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Activists go topless at embassy to protest treatment of bulls in Spain

WASHINGTON—Protests are commonplace in Washington, but 14 members of People for the Ethical Treatment of Animals caused a stir Tuesday by baring nearly all in front of the Spanish Embassy to protest the annual running of the bulls and bullfights in Spain.

The animal-rights activists arrived wearing bullhorns—and little else. The nine women and five men were bare-chested, clad only in underpants. Under the watchful and curious eyes of a largely male crowd, the protesters chanted "Torture is not part of my culture" in Spanish, held signs reading "Stop the bloody bullfights," distributed fliers and waved to passers-by for nearly an hour.

PETA organizer William Rivas-Rivas said the protest was meant to be "fun and upbeat," but also to open people's eyes to the suffering that bulls endure during the annual running of the bulls in Pamplona, Spain.

"A lot of the tourists who are going to the running of the bulls have no idea that those same bulls will be tortured and slaughtered that very evening in the bullring," he said.

The Spanish Embassy wouldn't comment on the protest.

The running of the bulls is an annual event in Pamplona to commemorate St. Fermin. Starting July 7, young men try to outrun a herd of bulls charging through the street. Six of the bulls are then killed in bullfights each night for a week.

This is the first time PETA has held its "Running of the Nudes" protest in Washington. Rivas-Rivas called it a good "warm-up for Pamplona," where PETA will have a similar demonstration for the fourth year in a row. That protest is expected to draw 600 animal-rights activists.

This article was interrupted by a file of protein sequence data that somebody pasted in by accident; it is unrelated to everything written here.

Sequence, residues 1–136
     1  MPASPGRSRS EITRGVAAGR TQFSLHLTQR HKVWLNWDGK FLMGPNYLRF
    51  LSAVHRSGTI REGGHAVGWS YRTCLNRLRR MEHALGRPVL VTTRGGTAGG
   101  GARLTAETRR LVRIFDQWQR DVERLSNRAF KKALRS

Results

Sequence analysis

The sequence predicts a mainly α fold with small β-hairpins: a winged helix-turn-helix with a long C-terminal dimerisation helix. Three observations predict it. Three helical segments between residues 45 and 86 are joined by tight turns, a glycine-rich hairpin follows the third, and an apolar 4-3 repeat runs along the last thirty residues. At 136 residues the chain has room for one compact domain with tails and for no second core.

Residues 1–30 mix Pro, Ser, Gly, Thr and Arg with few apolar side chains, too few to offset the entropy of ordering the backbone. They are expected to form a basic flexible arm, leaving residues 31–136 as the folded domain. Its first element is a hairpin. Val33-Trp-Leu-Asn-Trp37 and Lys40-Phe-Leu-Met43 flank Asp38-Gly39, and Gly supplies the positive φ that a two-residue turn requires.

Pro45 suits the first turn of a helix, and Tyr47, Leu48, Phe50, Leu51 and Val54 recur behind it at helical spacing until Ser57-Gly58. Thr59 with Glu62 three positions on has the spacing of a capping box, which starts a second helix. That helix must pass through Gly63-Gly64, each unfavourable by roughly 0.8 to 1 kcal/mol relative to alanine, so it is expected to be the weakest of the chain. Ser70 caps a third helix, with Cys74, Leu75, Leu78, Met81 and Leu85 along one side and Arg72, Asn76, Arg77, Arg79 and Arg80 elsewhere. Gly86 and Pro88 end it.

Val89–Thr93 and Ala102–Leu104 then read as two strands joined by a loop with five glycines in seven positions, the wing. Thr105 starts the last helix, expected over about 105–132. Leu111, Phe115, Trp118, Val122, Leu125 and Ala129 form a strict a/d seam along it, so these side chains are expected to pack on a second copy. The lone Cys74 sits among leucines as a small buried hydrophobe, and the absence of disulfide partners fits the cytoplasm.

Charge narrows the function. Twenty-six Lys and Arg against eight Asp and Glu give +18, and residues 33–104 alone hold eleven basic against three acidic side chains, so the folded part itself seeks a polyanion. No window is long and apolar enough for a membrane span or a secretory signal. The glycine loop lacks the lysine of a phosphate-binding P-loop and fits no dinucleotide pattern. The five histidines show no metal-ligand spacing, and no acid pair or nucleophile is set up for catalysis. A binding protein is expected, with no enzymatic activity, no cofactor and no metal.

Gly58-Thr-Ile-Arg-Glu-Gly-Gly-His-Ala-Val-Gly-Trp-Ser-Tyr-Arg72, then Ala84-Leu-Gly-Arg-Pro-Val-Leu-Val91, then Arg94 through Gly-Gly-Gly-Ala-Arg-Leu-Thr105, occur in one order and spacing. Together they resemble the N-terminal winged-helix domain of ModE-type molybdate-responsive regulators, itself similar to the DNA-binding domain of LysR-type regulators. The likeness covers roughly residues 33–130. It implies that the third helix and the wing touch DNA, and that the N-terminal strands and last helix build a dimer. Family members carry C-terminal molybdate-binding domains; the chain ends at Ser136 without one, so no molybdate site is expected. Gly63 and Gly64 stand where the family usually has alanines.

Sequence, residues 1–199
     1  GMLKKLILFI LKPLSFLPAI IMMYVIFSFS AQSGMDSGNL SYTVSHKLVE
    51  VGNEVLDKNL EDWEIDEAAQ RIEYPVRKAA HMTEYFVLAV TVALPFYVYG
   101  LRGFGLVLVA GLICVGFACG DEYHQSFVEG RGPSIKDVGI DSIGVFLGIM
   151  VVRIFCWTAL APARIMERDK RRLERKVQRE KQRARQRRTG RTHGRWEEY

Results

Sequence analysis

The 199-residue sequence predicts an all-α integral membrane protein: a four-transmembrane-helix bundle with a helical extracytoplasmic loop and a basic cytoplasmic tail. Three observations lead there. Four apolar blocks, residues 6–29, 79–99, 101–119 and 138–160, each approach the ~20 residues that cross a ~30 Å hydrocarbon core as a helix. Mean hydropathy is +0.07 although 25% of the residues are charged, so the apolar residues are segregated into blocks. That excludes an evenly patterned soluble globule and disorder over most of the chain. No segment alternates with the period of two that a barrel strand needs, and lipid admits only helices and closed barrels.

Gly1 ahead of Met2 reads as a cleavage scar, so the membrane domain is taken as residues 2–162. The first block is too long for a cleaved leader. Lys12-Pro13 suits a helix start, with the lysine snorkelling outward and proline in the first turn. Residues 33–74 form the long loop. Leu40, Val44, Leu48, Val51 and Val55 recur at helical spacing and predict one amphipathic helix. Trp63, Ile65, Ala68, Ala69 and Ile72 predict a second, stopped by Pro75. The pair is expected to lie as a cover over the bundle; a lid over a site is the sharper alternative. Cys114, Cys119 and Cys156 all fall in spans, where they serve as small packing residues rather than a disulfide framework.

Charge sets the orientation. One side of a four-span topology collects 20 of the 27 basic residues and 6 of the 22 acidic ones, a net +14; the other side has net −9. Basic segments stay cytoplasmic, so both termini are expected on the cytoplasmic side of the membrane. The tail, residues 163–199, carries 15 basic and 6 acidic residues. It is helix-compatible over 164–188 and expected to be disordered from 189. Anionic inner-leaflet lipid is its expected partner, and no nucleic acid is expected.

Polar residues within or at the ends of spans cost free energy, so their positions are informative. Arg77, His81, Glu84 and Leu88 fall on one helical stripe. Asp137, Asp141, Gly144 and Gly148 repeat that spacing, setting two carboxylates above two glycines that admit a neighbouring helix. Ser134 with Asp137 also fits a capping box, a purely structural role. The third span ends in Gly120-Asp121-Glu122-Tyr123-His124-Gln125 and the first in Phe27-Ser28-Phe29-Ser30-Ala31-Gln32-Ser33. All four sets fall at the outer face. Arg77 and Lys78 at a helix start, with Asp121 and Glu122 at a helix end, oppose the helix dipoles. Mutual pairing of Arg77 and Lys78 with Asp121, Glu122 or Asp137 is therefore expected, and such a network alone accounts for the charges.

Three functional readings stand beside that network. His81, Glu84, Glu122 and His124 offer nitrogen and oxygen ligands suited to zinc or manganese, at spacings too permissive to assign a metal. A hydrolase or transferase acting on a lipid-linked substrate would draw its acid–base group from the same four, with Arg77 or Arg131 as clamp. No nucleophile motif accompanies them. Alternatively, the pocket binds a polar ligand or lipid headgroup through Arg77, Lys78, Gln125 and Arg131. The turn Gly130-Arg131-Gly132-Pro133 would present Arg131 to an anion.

The Washington protesters attracted a modest crowd that included construction workers, tourists and businessmen. Nearly every one used camera phones or disposable cameras to photograph the demonstrators. Embassy workers peered out of their windows, mostly smiling and shaking their heads. Several times during the event, police officers had to direct traffic, which slowed significantly as drivers cruised by, honking and waving.

"Drive! It's a green light!" one frustrated officer yelled at motorists who stopped mid-intersection to stare.

Pat Edwards, a worker in a nearby office who stopped to watch, called the protest a great idea.

"Lunchtime, downtown, with your clothes off, you're gonna get attention," she said.

The protest drew plenty of attention from passing men, some of whom urged friends to stop by. "I'm at 2300 Pennsylvania Avenue. Get down here right now—don't ask any questions," one man yelled into his cell phone.

Police Officer J.D. Herold said the nearly nude protest was legal under city law. "As long as they keep their bottoms on, they're OK," he said.

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(c) 2005, Knight Ridder/Tribune Information Services.

PHOTOS (from KRT Photo Service, 202-383-6099): PETA-BULLS

ARCHIVE GRAPHIC on KRT Direct (from KRT Graphics, 202-383-6064): 20040708 Pamplona bulls

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